Star Trek: The Next Generation

“We'll Always Have Paris”

2 stars.

Air date: 5/2/1988
Written by Deborah Dean Davis and Hannah Louise Shearer
Directed by Robert Becker

Review Text

A catastrophe at a science research facility opens a crack "to another dimension" and unleashes strange effects on space and time. The effects are felt more than a light year away on the Enterprise, causing brief moments of time to repeat themselves. The Enterprise investigates and finds that the experiments of brilliant (and single-track-minded) Professor Manheim (Rod Loomis) have gone terribly awry. Only he and his wife Jenice (Michelle Phillips) have survived the disaster. Character twist: Jenice was a former flame of Picard's, whom he stood up on their last date in Paris before he shipped out with Starfleet more than 20 years ago.

This is TNG's first time-manipulation episode (and most definitely not its last), and as Trek time episodes go, it's too simple, straightforward, and arbitrary to really grab our fascination. There are a couple of fun time-related gags, such as when Data, Riker, and Picard wait for a turbolift, only to find themselves waiting for it again, while at the same time on it. But the crisis' solution is too simplistic, with no intriguing puzzles for the characters or audience to work through. Basically, they give Data a canister, which he sticks into a hall of mirrors; problem solved. Talk about your tidily boring solutions for dealing with a "doorway to another dimension."

The character storyline is just a tad more interesting, trying to explore a little bit of Picard's youth. Here was a young man afraid of being tied down by a woman and thus sentenced to a life of ordinariness; I suppose some stories are timeless. But I've had it with Troi's annoying counseling sessions. First she confronts Picard on the bridge about the personal feelings she's sensing from him. Later she asks Crusher (not in so many words) how she's handling her jealousy of Jenice. It's time someone told this intrusive Betazoid to keep out of personal matters that don't affect the operation of the crew.

Previous episode: Skin of Evil
Next episode: Conspiracy

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39 comments on this post

    "I've had it with Troi's annoying counseling sessions. First she confronts Picard on the bridge about the personal feelings she's sensing from him. Later she asks Crusher (not in so many words) how she's handling her jealousy of Jenice. It's time someone told this intrusive Betazoid to keep out of personal matters that don't affect the operation of the crew."

    YES! I am so happy to see that in print somewhere, anywhere and I couldn't agree more! Too bad she never stops and if anything her directness concerning personal matters only gets more pronounced.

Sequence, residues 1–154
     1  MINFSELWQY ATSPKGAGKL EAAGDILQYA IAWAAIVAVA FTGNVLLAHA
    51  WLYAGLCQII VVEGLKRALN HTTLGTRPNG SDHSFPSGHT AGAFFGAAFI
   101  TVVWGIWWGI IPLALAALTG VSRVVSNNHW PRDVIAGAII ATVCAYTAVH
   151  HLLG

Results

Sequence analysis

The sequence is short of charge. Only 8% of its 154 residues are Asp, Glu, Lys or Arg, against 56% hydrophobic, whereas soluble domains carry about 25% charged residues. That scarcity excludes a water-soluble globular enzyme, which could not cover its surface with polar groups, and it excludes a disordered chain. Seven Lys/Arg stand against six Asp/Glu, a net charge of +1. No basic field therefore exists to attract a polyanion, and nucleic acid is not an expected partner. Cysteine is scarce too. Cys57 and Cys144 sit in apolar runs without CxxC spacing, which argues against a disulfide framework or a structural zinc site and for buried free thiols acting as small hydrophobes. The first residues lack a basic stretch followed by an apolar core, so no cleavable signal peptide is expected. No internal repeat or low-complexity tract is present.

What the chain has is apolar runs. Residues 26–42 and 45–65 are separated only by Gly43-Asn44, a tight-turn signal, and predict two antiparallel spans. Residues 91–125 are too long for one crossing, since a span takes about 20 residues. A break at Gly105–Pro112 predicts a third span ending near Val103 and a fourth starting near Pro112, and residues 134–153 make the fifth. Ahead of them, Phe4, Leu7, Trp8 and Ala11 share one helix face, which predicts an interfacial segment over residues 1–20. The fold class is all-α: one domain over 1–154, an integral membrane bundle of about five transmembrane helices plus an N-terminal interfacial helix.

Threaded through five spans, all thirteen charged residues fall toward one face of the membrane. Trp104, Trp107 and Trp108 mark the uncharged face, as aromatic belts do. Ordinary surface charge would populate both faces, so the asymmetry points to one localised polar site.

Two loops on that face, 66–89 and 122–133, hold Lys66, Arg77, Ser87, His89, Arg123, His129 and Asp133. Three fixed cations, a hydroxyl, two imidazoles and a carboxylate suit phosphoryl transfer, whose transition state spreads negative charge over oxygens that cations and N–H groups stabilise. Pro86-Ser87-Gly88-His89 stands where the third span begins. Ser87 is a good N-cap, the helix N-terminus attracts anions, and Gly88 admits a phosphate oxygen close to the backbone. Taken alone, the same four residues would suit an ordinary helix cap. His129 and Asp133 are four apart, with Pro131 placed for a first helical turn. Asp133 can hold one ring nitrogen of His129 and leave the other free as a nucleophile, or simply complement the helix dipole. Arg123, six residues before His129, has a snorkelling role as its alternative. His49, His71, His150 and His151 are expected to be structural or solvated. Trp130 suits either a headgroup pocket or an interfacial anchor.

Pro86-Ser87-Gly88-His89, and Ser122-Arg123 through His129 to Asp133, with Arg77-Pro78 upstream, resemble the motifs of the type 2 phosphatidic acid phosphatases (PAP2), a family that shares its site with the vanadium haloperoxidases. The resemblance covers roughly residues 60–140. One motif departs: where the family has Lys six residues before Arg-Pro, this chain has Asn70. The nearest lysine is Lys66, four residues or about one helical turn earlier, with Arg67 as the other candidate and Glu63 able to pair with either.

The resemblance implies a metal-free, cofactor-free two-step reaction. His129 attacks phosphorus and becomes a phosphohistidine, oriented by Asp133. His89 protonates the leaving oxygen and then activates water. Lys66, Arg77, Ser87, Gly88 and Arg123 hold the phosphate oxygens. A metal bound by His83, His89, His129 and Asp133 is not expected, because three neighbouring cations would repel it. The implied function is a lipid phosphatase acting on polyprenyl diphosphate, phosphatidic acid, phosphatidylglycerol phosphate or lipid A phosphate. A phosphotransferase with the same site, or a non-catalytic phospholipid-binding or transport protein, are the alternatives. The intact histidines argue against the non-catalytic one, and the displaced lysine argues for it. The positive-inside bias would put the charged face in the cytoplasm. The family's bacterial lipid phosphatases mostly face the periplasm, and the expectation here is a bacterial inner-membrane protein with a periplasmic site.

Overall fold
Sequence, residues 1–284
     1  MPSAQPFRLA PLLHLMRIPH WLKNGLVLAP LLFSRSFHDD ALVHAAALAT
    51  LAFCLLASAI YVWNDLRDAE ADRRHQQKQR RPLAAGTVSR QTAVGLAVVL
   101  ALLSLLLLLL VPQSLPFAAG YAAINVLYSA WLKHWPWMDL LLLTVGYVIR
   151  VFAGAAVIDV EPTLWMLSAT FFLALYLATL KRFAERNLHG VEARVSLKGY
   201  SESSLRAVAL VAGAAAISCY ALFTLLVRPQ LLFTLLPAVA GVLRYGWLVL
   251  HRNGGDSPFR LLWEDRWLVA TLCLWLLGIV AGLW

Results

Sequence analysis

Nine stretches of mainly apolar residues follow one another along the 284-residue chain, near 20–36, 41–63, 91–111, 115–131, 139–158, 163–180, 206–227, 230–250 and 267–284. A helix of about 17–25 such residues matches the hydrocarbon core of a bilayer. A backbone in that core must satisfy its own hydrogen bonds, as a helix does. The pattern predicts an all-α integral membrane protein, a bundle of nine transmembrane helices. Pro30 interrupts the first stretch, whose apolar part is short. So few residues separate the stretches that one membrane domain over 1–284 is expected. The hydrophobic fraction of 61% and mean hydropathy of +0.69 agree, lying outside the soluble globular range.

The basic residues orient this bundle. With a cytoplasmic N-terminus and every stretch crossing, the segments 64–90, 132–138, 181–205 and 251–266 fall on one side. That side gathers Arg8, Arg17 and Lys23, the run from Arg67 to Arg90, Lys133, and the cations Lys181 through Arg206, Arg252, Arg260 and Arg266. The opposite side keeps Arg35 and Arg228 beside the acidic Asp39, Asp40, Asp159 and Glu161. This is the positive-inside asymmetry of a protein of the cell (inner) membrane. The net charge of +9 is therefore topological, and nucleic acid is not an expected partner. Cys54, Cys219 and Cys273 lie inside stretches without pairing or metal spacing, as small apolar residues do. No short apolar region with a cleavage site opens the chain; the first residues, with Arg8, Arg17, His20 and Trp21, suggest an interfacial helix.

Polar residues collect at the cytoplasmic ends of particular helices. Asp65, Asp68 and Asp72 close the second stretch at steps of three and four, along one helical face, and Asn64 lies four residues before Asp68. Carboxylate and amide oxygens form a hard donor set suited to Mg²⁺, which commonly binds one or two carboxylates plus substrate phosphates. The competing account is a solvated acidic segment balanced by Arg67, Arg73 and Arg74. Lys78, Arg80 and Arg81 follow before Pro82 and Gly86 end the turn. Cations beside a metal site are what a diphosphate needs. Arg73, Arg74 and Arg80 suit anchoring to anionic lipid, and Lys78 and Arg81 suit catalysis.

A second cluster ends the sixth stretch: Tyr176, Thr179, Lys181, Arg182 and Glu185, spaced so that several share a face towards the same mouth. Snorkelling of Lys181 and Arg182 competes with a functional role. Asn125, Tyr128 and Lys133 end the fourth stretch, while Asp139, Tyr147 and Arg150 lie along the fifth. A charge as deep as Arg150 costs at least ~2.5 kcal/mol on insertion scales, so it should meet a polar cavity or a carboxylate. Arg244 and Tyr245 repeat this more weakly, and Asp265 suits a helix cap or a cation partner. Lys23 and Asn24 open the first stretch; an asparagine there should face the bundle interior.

Regarding Troi "confronting" Picard on the bridge - she did no such thing.

    She very clearly indicated she wanted to speak to Picard in private so as not to drag his personal feelings out in front of the crew. He was the one who said it wasn't necessary. It was only once he told her to go ahead that she discussed the matter on the bridge, and then it was in the turbolift alcove out of earshot of anyone else.

    And she also very clearly stated that she was bringing the matter up because unresolved emotional issues can affect a commander's decision-amking process, making this very much a matter that "affects the operation of the crew" and in fact the whole point of Troi's presence on the bridge.

    I barely remember this one! I was afraid it would turn out to be yet another holodeck premise, but there was very little of it. But the rest of the ep was so nondescript that is barely there. The way Data solved the situation left me thinking 'that's it?'. Btw, I don't remember Troi at all, but I can picture what you guys are saying. Being annoying is totally in tone with her character :p

    If this is a two star episode, it must be barely so. The ending is extremely simplistic. More backstory on Picard is good though, so that raises it up some.

    Even though Professor Manheim did some exposition, it either wasn't enough or the wrong info - what exactly did he expect to accomplish? And how is it this effect can affect places in other star systems? And why did he have "aggressive" alarm systems? What if it killed one of his fellow researchers? His facility already has a shield, that should be enough right? Because if it wasn't enough, then no amount of "aggressive" alarm systems are going to be of much use anyways.

    Also, about Picard himself, if he was into women before he got deployed, shouldn't they still interest him, even if he doesn't act on them (say a look, or smile of appreciation). We even learn he had another old flame (I think) in measure of man.